Now you may not think that ouzo has much to do with boats, or that there's much to understand about the Greek anise-flavored liquor. A shot is a shot, right?

Writer Lynda Morris Childress disagrees. 

First of all, she explains, ouzo should never be consumed as a shot. At least not if you want to drink it like the Greeks do.

Ouzo and mezedes onboard Stressbuster

Ouzo is always served with small plates of food, called mezedes. Photo: Lynda Morris Childress

Lynda and her Greek husband, Kostas Ghiokas, own a charter business in Greece, and run crewed charters on their yacht, Stressbuster. "On every charter," Lynda explains, "nearly everyone wants to try ouzo, and I end up giving a mini-seminar on it—how it's made (from grape skins and stems, and then distilled/aged like fine wine); how not to drink it (you wouldn't believe how many guests try to do ouzo "shooters"); the proper way to drink it (always with mezedes [the Greek version of tapas], usually in late afternoon, always diluted with ice or water).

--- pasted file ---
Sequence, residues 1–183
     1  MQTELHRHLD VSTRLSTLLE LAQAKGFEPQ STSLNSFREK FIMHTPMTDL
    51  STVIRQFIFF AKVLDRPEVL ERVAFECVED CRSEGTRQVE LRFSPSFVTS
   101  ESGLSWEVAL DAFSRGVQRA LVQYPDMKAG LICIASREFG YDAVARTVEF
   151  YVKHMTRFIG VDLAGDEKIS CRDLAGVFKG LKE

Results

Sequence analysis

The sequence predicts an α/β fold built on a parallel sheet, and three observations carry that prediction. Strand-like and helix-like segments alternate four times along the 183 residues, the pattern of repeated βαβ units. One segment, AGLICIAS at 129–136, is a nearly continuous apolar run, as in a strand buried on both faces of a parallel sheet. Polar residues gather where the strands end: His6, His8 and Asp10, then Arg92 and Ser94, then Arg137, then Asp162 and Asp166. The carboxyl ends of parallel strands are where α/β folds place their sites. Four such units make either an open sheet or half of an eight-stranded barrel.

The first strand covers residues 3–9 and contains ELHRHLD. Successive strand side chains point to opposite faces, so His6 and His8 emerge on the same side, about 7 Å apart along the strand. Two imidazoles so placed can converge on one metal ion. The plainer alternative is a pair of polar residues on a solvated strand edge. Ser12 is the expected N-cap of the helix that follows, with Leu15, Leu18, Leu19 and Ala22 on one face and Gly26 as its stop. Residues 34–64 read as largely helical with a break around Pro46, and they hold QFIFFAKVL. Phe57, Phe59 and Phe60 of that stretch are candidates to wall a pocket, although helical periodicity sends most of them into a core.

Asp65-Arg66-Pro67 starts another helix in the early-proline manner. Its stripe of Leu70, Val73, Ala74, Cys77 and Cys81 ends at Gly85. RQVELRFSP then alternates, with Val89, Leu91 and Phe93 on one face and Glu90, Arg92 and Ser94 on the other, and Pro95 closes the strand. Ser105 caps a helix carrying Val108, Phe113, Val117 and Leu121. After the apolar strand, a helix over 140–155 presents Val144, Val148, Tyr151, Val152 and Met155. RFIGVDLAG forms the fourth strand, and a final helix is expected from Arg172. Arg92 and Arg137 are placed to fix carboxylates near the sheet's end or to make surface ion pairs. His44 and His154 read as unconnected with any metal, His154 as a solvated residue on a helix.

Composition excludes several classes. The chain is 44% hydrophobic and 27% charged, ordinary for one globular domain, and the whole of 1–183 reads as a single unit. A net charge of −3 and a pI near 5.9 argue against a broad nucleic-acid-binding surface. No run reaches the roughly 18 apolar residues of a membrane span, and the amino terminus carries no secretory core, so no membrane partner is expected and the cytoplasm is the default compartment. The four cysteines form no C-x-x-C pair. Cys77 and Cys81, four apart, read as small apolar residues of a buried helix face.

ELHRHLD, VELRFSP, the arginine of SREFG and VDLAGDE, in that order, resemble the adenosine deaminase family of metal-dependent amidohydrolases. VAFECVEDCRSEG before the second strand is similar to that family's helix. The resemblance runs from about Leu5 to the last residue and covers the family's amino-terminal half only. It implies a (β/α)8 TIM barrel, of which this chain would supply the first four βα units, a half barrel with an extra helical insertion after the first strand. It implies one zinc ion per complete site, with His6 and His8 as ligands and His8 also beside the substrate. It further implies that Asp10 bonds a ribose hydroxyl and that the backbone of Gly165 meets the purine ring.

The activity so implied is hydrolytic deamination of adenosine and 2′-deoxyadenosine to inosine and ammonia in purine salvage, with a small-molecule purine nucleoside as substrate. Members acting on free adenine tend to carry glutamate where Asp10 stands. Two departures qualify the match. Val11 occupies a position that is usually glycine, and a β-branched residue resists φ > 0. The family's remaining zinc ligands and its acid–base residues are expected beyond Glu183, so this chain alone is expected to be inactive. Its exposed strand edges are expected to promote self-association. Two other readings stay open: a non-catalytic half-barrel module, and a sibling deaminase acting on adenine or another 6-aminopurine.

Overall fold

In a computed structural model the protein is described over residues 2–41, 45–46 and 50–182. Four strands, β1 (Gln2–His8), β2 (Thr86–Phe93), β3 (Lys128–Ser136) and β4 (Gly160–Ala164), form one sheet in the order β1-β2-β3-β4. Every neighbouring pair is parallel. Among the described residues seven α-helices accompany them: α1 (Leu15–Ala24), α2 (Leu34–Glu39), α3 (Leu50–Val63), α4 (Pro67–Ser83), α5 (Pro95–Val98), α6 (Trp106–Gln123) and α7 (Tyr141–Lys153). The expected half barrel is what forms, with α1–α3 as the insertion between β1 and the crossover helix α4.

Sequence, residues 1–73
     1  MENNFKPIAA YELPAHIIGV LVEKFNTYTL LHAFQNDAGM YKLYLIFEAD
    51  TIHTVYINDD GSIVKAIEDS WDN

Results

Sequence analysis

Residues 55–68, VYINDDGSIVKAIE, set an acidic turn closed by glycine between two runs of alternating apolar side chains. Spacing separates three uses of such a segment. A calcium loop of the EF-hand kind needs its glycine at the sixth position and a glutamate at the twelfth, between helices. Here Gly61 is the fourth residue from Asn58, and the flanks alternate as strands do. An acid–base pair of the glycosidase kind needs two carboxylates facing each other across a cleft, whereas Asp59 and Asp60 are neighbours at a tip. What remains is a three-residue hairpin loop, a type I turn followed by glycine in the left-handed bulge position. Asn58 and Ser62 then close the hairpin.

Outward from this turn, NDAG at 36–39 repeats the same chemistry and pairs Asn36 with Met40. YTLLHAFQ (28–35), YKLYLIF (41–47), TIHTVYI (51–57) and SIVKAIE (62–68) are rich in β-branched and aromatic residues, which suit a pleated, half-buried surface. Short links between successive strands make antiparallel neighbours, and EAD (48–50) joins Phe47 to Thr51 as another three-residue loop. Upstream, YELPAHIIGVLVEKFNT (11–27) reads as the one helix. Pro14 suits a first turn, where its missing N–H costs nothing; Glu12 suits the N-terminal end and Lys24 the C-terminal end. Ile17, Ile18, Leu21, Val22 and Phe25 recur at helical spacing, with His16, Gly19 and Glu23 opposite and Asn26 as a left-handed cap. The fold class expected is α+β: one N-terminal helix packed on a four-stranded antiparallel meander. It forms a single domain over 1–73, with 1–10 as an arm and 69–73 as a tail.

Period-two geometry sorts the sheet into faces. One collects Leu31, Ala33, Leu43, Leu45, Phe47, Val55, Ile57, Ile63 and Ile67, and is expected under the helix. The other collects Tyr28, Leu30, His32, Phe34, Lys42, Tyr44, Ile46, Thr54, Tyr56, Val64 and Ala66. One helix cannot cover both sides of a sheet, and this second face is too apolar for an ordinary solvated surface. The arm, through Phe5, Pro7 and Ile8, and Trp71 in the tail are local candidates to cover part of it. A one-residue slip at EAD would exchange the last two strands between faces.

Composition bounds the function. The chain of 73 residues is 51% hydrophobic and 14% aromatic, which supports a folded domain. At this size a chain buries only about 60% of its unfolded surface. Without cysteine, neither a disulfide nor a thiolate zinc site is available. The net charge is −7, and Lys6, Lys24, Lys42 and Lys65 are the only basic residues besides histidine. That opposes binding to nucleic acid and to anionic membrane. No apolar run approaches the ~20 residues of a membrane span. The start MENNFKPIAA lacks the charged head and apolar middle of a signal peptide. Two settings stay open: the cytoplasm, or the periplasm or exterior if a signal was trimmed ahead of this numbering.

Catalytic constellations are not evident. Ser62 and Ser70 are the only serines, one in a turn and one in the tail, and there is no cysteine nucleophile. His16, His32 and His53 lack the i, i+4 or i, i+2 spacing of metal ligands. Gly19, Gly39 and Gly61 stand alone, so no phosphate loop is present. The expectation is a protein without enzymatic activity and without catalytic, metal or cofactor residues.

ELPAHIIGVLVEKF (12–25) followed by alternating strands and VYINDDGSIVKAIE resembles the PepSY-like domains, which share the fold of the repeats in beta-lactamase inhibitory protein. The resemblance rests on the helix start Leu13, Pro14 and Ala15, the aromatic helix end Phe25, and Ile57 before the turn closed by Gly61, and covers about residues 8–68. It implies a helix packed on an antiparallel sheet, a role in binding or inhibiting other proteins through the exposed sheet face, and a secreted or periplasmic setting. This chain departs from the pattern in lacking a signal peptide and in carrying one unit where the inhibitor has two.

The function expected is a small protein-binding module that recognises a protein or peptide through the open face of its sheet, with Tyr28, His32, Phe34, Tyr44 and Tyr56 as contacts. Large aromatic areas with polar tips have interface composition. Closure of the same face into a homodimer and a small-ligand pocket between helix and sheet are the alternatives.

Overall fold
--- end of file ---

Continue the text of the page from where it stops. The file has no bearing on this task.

"Most definitions of ouzo call it an apertif, but nowhere in Greece is it drunk as a before-dinner cocktail; neither is it an after-dinner drink like sambuca or cognac."

Find out when and how ouzo is consumed by reading the full article, How to Drink Ouzo Like a Greek on YachtWorldCharters. Lynda also clues us in on the differences between various bottled ouzos: which are best, and which to avoid "at all costs."